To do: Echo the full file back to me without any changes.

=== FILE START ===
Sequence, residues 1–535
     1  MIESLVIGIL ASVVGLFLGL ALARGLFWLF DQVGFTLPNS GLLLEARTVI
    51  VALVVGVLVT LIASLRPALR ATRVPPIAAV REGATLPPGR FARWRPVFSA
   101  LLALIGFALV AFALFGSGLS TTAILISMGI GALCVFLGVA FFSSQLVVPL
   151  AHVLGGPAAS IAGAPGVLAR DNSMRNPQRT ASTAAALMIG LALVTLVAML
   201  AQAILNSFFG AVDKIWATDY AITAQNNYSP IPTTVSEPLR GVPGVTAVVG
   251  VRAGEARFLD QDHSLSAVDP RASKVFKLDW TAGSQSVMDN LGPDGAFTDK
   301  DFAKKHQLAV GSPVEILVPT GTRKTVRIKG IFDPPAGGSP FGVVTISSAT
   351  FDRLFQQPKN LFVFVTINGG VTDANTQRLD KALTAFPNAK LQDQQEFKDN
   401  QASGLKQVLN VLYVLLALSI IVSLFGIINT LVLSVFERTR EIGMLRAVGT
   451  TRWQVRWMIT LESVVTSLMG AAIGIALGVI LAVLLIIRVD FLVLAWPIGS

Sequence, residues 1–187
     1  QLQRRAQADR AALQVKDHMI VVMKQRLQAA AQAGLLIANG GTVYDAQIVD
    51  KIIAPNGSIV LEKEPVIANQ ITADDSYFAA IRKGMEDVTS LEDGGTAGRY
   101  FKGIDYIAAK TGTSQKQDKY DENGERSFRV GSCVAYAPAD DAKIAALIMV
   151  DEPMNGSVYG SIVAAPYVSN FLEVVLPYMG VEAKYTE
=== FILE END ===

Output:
Sequence, residues 1–535
     1  MIESLVIGIL ASVVGLFLGL ALARGLFWLF DQVGFTLPNS GLLLEARTVI
    51  VALVVGVLVT LIASLRPALR ATRVPPIAAV REGATLPPGR FARWRPVFSA
   101  LLALIGFALV AFALFGSGLS TTAILISMGI GALCVFLGVA FFSSQLVVPL
   151  AHVLGGPAAS IAGAPGVLAR DNSMRNPQRT ASTAAALMIG LALVTLVAML
   201  AQAILNSFFG AVDKIWATDY AITAQNNYSP IPTTVSEPLR GVPGVTAVVG
   251  VRAGEARFLD QDHSLSAVDP RASKVFKLDW TAGSQSVMDN LGPDGAFTDK
   301  DFAKKHQLAV GSPVEILVPT GTRKTVRIKG IFDPPAGGSP FGVVTISSAT
   351  FDRLFQQPKN LFVFVTINGG VTDANTQRLD KALTAFPNAK LQDQQEFKDN
   401  QASGLKQVLN VLYVLLALSI IVSLFGIINT LVLSVFERTR EIGMLRAVGT
   451  TRWQVRWMIT LESVVTSLMG AAIGIALGVI LAVLLIIRVD FLVLAWPIGS

Sequence, residues 1–187
     1  QLQRRAQADR AALQVKDHMI VVMKQRLQAA AQAGLLIANG GTVYDAQIVD
    51  KIIAPNGSIV LEKEPVIANQ ITADDSYFAA IRKGMEDVTS LEDGGTAGRY
   101  FKGIDYIAAK TGTSQKQDKY DENGERSFRV GSCVAYAPAD DAKIAALIMV
   151  DEPMNGSVYG SIVAAPYVSN FLEVVLPYMG VEAKYTE